I’ve made reference before to the concept of “allodial rights” or “allodial land rights,” the idea that a person’s land is his, completely and absolutely.  The land is not a grant subject to the authority of any king or magistrate, or subordinated into smaller plots under one governing authority; rather, the land belongs fully to the landowner.

When writing my piece Saturday about the Dukes and their struggle with the Town Council in Society Hill, South Carolina, I found a piece at The Center for Social Leadership on the topic of allodial rights.  The piece argues that allodial land rights—which are the norm in the United States—differ from those of the feudal system.  In a feudal system, the lord or king of a land controls all of the land, and leases or grants that land to subsidiaries with certain fees or obligations to the lord in exchange for the use of the land.

Under an allodial system, however, every landowner owns his land free and clear (or has the potential to do so), and is not subject to any higher authority in the use, maintenance, and disbursement of that land.  He is, essentially, the king of his parcel.

Of course, that’s never completely true.  The use of the land is subject to the restrictions of local ordinances.  Some towns enforce certain minimum standards of upkeep, and issue fines for particularly dilapidated and dangerous structures on private property.  Local governments assess property taxes; if those taxes go unpaid long enough, the government can and will strip you of your land.

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SubscribeStar Saturday: Homesteading in the City

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Recently I’ve taken subscriptions to Backwoods Home Magazine and its sister publication, Self-Reliance.  Both magazines are treasure troves of information on how to be, well, self-reliant.  Backwoods Home focuses more on handy projects around the homestead and garden, sprinkled with articles containing recipes for canning veggies and baking homemade bread.  Self-Reliance seems to cover many of the same topics, just maybe with fewer recipes.

A major emphasis of both publications is establishing and maintaining a functioning homestead that is as self-supporting and sustainable as possible.  The authors often acknowledge that such an ideal may be impossible to realize in its truest, Platonic form, but point out that it is still an ideal worth striving toward.  Besides that grand ideal, though, the publications are very practical—how does one go about doing all of the tasks and completing all of the myriad projects that maintaining an independent homestead requires?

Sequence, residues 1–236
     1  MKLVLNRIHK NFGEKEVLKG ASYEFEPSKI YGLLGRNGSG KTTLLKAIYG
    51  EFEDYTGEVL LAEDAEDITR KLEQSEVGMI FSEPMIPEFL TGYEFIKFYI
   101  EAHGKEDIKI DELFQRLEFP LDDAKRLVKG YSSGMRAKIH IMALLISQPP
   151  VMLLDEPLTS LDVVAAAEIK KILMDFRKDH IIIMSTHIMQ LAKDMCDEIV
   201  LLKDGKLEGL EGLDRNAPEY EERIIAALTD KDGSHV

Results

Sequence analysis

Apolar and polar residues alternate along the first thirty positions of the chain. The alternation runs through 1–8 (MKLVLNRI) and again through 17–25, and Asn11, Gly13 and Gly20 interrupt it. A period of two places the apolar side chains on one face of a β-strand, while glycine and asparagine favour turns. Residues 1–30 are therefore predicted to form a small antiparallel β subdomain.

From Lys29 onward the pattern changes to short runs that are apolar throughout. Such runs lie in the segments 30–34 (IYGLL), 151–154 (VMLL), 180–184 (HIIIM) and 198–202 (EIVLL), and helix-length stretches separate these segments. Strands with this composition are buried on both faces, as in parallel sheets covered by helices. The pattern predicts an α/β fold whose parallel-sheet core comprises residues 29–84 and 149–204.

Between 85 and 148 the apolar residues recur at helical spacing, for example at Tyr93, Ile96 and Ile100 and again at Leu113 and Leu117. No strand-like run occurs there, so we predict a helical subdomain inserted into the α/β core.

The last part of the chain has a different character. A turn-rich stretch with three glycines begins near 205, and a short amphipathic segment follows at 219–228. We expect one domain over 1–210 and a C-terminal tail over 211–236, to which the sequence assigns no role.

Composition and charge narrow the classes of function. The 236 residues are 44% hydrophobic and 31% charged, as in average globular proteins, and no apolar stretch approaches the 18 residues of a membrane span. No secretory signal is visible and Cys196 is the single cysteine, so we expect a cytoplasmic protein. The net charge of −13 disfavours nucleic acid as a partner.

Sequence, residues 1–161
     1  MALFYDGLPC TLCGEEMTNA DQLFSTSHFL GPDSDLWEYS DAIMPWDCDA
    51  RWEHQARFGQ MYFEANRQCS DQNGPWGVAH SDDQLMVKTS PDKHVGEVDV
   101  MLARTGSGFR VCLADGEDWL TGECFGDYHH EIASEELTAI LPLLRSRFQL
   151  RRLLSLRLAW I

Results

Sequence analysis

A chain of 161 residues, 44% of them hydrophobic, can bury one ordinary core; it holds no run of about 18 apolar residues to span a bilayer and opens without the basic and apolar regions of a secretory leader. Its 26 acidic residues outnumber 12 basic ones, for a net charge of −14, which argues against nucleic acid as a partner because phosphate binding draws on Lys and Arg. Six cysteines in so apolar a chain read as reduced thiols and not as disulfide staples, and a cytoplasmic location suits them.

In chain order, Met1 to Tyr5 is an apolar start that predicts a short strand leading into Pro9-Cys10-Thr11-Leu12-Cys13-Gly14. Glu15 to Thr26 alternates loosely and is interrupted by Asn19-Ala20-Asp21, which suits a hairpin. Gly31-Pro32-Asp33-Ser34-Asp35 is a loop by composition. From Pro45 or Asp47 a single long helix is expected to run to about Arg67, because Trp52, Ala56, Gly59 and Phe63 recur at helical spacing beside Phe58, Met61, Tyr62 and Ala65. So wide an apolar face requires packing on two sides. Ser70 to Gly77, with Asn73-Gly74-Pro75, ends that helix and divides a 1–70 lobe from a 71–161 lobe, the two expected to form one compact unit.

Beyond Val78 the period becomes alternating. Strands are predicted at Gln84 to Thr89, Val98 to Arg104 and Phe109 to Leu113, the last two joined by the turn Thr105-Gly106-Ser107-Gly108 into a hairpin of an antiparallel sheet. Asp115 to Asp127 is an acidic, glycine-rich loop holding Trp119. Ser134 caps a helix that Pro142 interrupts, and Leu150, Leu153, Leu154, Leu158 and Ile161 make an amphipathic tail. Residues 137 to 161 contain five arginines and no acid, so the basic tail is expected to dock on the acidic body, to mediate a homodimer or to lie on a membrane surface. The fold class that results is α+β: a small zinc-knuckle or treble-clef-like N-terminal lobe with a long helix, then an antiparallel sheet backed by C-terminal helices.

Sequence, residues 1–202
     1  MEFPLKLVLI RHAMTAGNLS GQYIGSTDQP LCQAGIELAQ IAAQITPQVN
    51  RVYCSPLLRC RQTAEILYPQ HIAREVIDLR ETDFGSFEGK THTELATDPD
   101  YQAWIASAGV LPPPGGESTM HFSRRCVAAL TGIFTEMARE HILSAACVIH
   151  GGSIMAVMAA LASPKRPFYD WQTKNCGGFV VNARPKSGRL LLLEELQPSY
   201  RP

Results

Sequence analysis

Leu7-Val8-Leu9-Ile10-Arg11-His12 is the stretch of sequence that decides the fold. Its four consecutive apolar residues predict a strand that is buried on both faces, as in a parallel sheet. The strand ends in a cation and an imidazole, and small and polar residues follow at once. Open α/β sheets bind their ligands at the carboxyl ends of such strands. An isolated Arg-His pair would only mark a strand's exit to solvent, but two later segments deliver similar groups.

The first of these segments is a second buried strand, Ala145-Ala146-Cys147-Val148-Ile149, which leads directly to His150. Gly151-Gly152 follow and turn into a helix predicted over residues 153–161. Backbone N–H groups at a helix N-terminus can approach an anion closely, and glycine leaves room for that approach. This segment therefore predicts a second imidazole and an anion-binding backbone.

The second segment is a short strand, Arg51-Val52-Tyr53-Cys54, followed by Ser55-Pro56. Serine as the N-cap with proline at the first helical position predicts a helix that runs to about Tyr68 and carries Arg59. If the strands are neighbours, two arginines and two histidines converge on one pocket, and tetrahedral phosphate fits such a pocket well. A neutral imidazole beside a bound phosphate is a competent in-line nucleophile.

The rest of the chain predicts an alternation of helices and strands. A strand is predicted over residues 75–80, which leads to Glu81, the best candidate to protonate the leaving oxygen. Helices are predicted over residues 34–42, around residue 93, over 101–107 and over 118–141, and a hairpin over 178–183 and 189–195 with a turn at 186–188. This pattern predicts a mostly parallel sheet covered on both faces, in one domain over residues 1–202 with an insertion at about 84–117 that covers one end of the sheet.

The goal of near-self-sufficiency is maximal liberty—if you can grow your own food and raise your own livestock, who cares if your employer mandates The Vaccine for work?  You can just live off your land, at least until you can find a job that doesn’t force you to inject yourself with an experimental drug.  That requires a great deal of hard work and focus, but the reward is freedom from the whims of the workplace and the world.  We all know corporations and even smaller employers are growing more woke by the day; in the case of big corporations, following the popular “morality” of the day to keep up appearances is more important than the well-being of their employees.

As someone who would like to raise a few crops and maybe some chickens on my little half-acre, a local story here in Darlington County, South Carolina, caught my attention.  A couple in Society Hill, the Dukes, has around thirty-one animals on their forty-four-acre property, which sits within the town limits of Society Hill.  Their livestock includes “chickens, goats, cows, horses, hens, a duck and a rooster.”

The Town Council for Society Hill passed an ordinance limiting livestock to six chickens and two “equines”—horses, mules, donkeys, etc.—on property within town limits.  The Dukes were apparently in violation of an older ordinance from the 1970s that limited livestock numbers on property within town limits.  I’m not sure what those limits were, but it seems Society Hill’s Town Council believed it needed to update the ordinance.

There are multiple issues here, which are reflected in the Council’s 3-2 split on the ordinance.  The Dukes claim that the current Mayor of Society Hill, Tommy Bradshaw, is targeting them because Dwayne Duke seeks to challenge Bradshaw for mayor.  The Dukes also claim that their animals are used for emotional support therapy for trouble kids.

Neighbors, however, fear that the Dukes plan to turn their home into a petting zoo of some kind, and there have apparently been repeated complaints about the livestock (no one wants a rooster waking them up at the literal crack of dawn).  Even before the new ordinance was passed, the Dukes were already in violation of the older ordinance, which was nearly fifty years old (a reminder to town governments to update their ordinances periodically, lest they be forgotten from lack of use).

So, who is right?  Should the Dukes give up their livestock—and their chance at homesteading freedom?—so their neighbors can get some peace?  Or should they be allowed to keep the animals they raise?